The present paper provides evidence on the ability of yield spread to predict industrial activity in the Indian context. Empirical results are consistent with the similar studies conducted in case of other countries. Findings of the study are as follows: first, the regression results show that yield spread is positively related to industrial growth. Higher (lower) yield spread or steeper (flatter) yield curve is followed by higher (lower) industrial growth rate. Yield spread explains 41 percent of the variation in the future real economic activity. Secondly, estimates computed through probit model indicate that probability of future industrial slow down or recession rises (falls) with the fall (rise) in the yield spread. This further strengthens the regression findings that industrial activity and the yield spread are positively related. Thirdly, the out-of-sample estimates of probit model show that slope of the term structure reasonably predicts the occurrence of industrial slowdown 8-9 months in advance. Fourthly, impact of short-term interest rates or yield spread is transmitted to real industrial activity via its impact on working capital. Study shows that with the demand for working capital falls/rises with the fall/rise in the yield spread. Also that working capital makes significant contribution to the output generation. Thus, the yield spread could be considered, inter alia, as a lead indicator of industrial growth in India, the precision of predictability is high in event of large changes in the yield spread.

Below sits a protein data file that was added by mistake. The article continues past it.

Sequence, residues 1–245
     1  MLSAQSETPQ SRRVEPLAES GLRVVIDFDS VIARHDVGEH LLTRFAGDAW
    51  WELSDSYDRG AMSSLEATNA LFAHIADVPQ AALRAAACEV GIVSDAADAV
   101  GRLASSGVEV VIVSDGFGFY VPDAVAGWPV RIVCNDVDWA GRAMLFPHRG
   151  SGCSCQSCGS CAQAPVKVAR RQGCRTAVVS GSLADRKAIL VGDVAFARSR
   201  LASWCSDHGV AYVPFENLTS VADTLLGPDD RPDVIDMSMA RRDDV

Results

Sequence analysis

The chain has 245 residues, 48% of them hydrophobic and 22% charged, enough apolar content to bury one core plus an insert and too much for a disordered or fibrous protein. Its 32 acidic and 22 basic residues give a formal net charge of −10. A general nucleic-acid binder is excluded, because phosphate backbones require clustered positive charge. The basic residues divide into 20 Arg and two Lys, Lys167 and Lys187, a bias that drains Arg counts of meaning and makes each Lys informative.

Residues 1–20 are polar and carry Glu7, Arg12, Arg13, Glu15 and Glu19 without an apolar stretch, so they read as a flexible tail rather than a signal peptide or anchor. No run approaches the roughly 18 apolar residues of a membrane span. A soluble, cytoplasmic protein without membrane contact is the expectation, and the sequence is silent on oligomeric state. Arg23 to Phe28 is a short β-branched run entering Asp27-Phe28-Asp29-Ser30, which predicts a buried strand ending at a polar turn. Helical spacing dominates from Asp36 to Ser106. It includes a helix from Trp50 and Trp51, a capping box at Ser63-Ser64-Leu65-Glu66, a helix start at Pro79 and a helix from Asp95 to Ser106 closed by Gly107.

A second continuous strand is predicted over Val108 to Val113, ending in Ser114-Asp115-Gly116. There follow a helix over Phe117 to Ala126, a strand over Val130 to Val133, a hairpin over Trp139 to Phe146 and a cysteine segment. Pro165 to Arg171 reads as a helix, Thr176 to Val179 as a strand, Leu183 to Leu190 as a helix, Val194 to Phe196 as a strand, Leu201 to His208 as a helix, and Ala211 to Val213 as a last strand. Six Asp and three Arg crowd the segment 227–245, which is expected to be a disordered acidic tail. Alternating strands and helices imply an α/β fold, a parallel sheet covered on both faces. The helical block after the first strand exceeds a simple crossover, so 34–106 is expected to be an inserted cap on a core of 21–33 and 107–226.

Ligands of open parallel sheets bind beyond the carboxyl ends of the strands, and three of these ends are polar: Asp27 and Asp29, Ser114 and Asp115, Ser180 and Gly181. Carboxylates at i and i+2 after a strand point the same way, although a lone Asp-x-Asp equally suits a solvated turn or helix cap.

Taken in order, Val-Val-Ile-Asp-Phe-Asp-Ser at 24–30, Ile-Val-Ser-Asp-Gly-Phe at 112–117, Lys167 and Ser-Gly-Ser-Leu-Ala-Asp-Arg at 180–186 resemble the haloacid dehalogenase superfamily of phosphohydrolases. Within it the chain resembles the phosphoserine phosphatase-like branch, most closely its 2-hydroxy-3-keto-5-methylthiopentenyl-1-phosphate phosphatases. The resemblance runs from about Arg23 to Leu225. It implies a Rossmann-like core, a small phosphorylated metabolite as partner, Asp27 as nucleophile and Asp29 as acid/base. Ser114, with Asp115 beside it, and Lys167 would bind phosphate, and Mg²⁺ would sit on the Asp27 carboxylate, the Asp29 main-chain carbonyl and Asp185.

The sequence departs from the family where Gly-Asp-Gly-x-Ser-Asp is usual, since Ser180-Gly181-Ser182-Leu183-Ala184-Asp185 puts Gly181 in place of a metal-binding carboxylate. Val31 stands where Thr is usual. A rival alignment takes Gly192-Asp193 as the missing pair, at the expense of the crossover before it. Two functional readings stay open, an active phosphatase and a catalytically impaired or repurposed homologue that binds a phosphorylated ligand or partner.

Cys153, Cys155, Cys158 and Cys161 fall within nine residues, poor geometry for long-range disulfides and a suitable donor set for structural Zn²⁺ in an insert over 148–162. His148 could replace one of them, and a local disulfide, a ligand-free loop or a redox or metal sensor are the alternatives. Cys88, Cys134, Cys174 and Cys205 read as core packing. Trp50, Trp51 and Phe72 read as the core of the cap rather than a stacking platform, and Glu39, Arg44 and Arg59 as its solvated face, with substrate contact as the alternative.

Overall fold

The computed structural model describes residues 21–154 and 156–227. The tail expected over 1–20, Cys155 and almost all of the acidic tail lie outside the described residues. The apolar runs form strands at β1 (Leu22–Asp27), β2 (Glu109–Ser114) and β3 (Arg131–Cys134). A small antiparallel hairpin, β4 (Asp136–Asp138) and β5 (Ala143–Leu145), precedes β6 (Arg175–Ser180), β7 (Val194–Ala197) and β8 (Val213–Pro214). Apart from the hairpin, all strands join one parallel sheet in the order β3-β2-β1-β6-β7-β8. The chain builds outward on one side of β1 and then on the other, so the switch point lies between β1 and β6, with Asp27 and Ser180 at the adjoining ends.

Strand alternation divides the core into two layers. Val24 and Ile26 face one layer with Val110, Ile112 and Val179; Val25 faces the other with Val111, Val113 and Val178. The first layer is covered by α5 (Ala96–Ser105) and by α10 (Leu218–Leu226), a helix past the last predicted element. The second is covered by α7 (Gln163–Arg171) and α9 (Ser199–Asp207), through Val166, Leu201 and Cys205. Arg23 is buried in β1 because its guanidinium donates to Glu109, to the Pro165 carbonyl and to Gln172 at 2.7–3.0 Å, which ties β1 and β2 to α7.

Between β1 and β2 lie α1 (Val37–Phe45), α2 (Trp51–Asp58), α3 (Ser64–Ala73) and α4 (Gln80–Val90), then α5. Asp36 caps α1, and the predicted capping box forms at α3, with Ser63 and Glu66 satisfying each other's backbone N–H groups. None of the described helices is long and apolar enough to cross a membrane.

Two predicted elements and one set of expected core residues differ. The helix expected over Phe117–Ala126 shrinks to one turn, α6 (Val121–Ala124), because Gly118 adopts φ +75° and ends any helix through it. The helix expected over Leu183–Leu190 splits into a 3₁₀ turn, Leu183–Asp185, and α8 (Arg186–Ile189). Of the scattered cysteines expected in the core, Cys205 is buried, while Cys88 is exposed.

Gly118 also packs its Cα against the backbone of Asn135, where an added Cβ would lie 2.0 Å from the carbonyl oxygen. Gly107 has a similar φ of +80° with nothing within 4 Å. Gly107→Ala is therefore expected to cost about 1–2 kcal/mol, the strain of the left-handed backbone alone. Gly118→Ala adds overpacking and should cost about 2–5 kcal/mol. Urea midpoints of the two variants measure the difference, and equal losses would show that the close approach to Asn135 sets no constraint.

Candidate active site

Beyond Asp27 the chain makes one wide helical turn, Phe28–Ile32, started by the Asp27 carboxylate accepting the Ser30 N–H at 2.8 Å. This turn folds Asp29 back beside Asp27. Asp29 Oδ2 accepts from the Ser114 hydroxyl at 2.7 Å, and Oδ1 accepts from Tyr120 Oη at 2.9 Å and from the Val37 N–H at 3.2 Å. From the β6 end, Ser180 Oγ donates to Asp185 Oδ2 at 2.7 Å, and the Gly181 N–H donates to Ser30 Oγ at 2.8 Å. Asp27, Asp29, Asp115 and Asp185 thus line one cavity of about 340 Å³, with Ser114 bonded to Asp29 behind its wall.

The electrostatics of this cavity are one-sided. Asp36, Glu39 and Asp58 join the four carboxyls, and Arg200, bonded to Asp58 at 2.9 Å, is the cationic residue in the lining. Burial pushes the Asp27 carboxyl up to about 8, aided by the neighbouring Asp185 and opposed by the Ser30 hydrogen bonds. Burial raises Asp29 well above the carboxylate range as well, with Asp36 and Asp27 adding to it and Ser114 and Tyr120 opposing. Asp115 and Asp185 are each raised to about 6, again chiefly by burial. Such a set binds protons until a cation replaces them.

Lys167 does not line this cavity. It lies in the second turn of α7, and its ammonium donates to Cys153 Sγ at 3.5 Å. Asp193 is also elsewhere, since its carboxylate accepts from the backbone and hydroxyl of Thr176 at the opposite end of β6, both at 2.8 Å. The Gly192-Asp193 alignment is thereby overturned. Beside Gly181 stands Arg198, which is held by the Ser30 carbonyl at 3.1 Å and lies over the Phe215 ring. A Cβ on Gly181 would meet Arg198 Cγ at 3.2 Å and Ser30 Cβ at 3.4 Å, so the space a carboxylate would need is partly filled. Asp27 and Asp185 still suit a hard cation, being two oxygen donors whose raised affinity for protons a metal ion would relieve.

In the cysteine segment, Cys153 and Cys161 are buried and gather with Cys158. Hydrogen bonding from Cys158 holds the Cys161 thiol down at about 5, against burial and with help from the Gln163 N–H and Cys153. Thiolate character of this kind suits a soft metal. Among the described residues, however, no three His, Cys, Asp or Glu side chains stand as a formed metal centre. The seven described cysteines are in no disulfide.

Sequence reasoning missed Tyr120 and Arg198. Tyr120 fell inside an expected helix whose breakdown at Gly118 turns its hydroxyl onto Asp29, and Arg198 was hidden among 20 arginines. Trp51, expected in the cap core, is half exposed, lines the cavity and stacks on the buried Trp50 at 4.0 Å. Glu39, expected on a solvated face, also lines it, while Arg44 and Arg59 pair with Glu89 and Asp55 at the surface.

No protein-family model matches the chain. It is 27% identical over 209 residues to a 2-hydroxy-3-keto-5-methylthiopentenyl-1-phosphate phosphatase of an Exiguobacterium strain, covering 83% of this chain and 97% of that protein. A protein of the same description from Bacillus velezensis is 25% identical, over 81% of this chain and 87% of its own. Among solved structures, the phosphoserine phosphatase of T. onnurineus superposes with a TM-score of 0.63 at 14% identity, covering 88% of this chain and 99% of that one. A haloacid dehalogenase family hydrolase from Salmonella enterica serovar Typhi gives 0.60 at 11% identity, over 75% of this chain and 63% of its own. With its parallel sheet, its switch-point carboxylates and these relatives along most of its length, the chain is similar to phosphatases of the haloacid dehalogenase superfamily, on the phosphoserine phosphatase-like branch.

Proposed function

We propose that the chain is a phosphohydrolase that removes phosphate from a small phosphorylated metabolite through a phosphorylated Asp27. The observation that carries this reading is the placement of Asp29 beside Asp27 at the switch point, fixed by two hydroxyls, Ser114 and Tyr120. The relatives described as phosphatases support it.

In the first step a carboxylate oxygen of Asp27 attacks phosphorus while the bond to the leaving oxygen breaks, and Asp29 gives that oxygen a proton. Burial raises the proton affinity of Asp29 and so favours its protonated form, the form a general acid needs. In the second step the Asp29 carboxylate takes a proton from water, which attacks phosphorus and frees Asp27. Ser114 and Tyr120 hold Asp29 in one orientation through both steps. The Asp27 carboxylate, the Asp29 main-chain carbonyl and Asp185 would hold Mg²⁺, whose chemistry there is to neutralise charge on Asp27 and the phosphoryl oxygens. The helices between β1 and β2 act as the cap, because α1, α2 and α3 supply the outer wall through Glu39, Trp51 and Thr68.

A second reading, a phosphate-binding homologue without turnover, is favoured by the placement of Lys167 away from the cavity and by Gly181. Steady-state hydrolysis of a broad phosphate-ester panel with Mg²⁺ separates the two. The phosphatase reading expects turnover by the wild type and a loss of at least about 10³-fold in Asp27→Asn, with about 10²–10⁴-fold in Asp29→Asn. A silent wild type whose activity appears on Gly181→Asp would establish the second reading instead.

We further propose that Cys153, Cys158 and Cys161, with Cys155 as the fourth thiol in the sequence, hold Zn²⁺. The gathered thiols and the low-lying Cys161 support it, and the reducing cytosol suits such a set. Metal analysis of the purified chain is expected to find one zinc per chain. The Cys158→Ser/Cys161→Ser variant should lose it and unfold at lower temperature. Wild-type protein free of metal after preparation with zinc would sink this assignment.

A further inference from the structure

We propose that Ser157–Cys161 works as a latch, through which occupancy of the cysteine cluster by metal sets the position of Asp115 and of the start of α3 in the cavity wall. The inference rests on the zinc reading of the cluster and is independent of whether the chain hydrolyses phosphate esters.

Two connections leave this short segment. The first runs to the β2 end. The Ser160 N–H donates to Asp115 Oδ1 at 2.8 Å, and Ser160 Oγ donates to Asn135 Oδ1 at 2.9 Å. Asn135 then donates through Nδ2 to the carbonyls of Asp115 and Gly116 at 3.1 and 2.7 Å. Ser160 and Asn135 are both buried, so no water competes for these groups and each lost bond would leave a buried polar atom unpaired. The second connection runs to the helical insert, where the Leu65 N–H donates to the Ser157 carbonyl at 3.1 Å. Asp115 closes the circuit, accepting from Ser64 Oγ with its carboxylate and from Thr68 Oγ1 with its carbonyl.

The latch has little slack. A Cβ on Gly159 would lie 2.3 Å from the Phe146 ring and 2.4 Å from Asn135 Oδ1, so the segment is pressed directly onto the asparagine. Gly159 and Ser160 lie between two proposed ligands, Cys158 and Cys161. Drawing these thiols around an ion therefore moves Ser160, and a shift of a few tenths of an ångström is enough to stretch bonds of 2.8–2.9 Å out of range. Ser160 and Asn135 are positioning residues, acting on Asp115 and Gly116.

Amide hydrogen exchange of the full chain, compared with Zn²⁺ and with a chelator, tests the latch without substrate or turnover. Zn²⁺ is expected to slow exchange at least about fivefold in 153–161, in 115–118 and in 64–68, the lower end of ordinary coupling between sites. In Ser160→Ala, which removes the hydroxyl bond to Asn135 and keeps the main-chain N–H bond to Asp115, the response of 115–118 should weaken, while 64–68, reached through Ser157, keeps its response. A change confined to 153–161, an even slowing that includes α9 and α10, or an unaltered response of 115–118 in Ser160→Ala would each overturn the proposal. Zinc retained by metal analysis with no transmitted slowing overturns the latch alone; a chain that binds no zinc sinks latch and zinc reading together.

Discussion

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Advisor to Executive Director, IMF and Assistant Adviser, Department of Economic Analysis & Policy, Reserve Bank of India respectively. This paper is a slightly modified version of a presentation made by the authors in the Seminar on “Reforms, Institutions and Policies: Challenges Confronting the Indian Economy” held at Mumbai University during March 22-24, 2001. Authors are thankful to Dr. Balwant Singh, Dr. Kaushik Bhattacharya, and Ms. Kalpana Kochhar for their comments on the earlier draft of this paper. However, views expressed are authors’ own.
For short term rates, yields for residual maturities for up to 14 days, 15-91 days, 92-182 days, 183-364 days and one year were also studied. Predictive ability has been maximum in case of 2-3 months.
|Industrial Growth Rate||-3.21||I(0)|
Since secondary market yields for these maturity are not available for the period prior to 1996, for the sake of increasing the number of observations, spread has been computed by using call rates and weighted average coupon rate (on dated government securities), for this exercise.